M. P. Daniel papers, 1907-1986 (#3919): The M. P. Daniel papers contain the correspondence, legal, and literary documents of Marion Price Daniel, Sr., a prominent businessman in southeast Texas in the early 20th century.
Browning W. Ware papers 1928-2002 (#3885): Materials of Texas pastor Browning W. Ware, who led First Baptist Church in Austin, Texas, and wrote “Diary of a Modern Pilgrim” columns in the Austin-American Statesman.
By Julie Holcomb, Assistant Professor & Graduate Program Director of Museum Studies
Harboring Unionist sentiments, Richard N. Goode appears an unlikely candidate to serve as mayor of Waco, Texas, during the Civil War. A lawyer and a judge, Goode served as the fourth mayor of Waco from June 1862 to May 1865. Clearly, Goode’s pro-Union sentiments did not prevent him from serving the people of Waco, and his family’s papers document this aspect as well as other interesting tidbits on his life.
Goode moved to Waco in 1859. He and his wife Elizabeth Mallory Goode were married in Hinds County, Mississippi, in November 1837. The couple had at least eight children: Mary Virginia, Richard, James, Robert, Ivonanna, Olivia, Ursula, and Blanche. A ninth child, Calidonia, likely died in childhood.
The only reference to Calidonia in the historical record comes from Judge Goode’s letters to his daughter, Mary Virginia. During the Civil War, the Goode family participated in spiritualism, or talking to the dead, using various means of communication including seances and rappings. In his letters, Goode describes communications from Calidonia, Mary Virginia’s sister, even telling Mary Virginia at one point that Calidonia wished to send her a letter! Goode also consulted the spirits regarding the outcome of the war. The Goodes were not unusual in seeking guidance from the spirit world. Thousands, if not millions, of Americans participated in spiritualism in the late nineteenth century.
Judge Goode’s letters also include references to his court cases, including a murder trial, the progress of the Confederate war effort, and the presence of wartime refugees in Waco. Judge Goode also described the hardships of war, asking his daughter to send goods from her home in Mexico.
In addition to his legal and mayoral careers, Judge Goode owned land just above the mouth of Barron’s Branch on the west bank of the Brazos River. In March 1872, John T. Flint, president of the Waco Bridge Company, tried unsuccessfully to convince Goode to close the ford, which was used to avoid paying the toll on the Waco Suspension Bridge. Finally, in 1877, four years after Judge Goode’s death, the Waco Bridge Company succeeded in purchasing the land from Elizabeth Goode for $350. Soon after, the company began a piling project to close off the ford.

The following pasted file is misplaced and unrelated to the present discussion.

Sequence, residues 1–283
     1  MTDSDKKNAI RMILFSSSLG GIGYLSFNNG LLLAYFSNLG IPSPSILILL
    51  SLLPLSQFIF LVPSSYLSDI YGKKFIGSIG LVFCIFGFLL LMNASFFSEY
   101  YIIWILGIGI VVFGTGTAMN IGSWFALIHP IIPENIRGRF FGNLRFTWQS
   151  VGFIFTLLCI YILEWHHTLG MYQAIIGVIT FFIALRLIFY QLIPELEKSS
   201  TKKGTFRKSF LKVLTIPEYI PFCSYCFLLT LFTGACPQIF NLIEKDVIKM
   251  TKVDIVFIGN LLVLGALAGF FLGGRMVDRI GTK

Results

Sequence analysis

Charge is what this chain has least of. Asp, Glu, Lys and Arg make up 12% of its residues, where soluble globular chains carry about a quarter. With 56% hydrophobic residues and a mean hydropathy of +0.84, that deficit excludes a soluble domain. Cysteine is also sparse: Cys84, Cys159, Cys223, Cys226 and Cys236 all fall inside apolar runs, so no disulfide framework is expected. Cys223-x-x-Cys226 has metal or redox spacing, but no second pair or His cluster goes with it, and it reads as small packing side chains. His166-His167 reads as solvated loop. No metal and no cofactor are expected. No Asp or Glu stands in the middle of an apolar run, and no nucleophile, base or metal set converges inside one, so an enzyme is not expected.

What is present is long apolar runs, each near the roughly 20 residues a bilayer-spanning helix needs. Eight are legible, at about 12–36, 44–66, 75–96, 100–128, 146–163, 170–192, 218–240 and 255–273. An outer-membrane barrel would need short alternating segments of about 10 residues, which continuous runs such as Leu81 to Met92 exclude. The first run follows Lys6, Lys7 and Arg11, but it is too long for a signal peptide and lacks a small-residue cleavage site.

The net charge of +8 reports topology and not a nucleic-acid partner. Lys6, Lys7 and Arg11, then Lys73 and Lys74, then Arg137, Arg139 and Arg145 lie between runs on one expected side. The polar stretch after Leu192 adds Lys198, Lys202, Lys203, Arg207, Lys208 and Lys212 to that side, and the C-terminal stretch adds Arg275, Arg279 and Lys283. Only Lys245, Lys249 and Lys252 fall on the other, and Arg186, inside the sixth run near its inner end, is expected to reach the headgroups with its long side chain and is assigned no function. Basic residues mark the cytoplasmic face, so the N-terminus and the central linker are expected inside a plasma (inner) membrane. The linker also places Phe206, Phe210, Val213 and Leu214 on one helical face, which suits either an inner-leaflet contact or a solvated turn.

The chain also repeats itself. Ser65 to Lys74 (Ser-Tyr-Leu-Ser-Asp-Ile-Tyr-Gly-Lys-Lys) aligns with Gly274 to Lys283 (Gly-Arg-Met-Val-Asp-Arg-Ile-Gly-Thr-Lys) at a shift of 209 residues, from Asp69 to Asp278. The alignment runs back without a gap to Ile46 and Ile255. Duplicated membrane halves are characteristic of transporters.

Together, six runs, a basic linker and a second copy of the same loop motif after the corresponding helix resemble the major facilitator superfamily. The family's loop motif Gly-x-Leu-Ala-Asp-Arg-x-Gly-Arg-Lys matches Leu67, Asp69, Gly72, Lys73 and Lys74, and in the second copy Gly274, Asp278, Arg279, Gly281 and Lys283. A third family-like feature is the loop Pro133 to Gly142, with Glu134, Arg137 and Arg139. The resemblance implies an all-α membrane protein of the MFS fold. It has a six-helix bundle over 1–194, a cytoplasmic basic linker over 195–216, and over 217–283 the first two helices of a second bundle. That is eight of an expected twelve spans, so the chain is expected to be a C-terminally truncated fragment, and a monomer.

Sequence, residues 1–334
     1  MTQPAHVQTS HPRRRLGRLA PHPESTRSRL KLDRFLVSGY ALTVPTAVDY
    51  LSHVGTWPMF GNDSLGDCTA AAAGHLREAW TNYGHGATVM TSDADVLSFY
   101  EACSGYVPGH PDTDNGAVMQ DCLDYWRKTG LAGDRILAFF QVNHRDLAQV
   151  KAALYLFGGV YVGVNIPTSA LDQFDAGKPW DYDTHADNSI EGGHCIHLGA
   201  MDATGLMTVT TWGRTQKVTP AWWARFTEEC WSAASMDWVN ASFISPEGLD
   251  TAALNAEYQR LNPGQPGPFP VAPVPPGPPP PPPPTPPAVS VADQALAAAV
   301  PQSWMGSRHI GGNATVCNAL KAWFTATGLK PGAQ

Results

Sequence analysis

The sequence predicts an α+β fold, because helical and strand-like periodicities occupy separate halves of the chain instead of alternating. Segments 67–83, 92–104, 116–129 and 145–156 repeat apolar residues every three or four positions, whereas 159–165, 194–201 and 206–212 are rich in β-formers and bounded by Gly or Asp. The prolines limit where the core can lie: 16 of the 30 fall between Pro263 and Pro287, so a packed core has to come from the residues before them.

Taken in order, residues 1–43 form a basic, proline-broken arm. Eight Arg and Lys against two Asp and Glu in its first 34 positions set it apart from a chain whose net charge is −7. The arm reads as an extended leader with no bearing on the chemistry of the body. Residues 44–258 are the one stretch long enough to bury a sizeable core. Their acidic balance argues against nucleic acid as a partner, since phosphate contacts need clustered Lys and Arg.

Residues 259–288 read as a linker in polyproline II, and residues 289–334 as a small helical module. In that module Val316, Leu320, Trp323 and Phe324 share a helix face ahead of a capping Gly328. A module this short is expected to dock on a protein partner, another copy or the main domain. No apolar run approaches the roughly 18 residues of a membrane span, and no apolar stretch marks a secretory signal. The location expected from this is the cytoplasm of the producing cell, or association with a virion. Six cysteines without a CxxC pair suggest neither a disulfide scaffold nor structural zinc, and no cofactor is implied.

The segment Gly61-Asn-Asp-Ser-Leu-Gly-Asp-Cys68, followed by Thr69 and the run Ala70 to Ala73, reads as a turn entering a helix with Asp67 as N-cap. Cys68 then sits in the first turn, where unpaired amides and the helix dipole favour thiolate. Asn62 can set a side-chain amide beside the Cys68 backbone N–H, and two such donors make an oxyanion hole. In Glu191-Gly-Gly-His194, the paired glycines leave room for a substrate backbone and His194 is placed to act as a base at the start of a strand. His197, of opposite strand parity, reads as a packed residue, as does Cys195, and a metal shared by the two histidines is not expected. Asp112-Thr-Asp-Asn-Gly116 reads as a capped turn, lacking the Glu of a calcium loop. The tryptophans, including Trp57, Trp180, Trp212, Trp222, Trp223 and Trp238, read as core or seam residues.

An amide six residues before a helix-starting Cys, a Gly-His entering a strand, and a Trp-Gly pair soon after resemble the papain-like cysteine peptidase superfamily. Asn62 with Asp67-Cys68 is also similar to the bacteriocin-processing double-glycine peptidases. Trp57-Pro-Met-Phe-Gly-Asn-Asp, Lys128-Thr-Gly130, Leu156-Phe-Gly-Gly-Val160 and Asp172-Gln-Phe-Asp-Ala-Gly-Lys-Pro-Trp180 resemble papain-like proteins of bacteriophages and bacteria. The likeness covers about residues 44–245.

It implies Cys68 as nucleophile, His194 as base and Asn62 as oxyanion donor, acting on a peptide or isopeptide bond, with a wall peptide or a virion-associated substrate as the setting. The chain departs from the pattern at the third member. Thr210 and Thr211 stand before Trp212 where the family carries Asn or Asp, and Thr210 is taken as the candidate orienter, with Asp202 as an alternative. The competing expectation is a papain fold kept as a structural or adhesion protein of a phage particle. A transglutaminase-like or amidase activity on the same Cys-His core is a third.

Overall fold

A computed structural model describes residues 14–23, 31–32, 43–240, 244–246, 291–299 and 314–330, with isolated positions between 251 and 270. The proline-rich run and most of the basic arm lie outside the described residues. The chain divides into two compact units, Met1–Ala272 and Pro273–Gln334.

The Goode and Thompson families merged in July 1859, when Mary Virginia Goode, Judge Goode’s eldest daughter, married William Carson Stewart Thompson, son of Dr. John and Isabella Thompson. In 1864 and 1865, William and Mary Virginia resided in Mexico. There is no evidence that William Thompson served in either the Confederate or Union military during the Civil War. William and Mary Virginia had two sons: Edward Everett Thompson, born in Matamoras, Mexico, in 1865 and Rufus N. Thompson born in Waco, Texas, in 1868. Mary Virginia Thompson died of consumption in 1876.
In 1889, William Thompson and his younger brothers, Rufus and Nathaniel, were reunited after a 35-year separation. The Thompson brothers were born in Ohio in the 1820s and 1830s. William had moved with his parents to Texas in the 1850s while Rufus and Nathaniel remained in Ohio. At the time of their reunion, William resided in Waco, Rufus in Illinois, and Nathaniel in Colorado. William Carson Stewart Thompson died in Waco in 1895.Richard N. and Elizabeth Goode as well as Mary Virginia and William Thompson and their sons Edward Everett and Rufus N. and their spouses are all buried in Oakwood Cemetery in Waco.
Although a small collection, the Goode-Thompson family papers provide an important glimpse into life on the Texas homefront during the Civil War.
Each month, we post a processing update to notify our readers about the latest collections that have finding aids online and are primed for research. This month, all of our new finding aids are products of the Archival Collections and Museums class that worked on archival processing projects with us here at The Texas Collection…and there will be still more of this student work in upcoming months! Here’s the scoop for June:
Goode-Thompson family papers, 1837-1993 (#2794): Correspondence, a diary, and other records documenting the history of the Richard N. Goode and John Thompson families in Waco, Texas, with the bulk of the materials dating to the Civil War era. (Archives class)
Meusebach-Marschall family papers, 1847-1986 (#277): Correspondence, research materials, and notes for the publication John O. Meusebach: German Colonizer in Texas. The collection also contains other correspondence and collected materials related to Marschall family members (including Irene Marschall King and Cornelia Marschall Smith). (Archives class)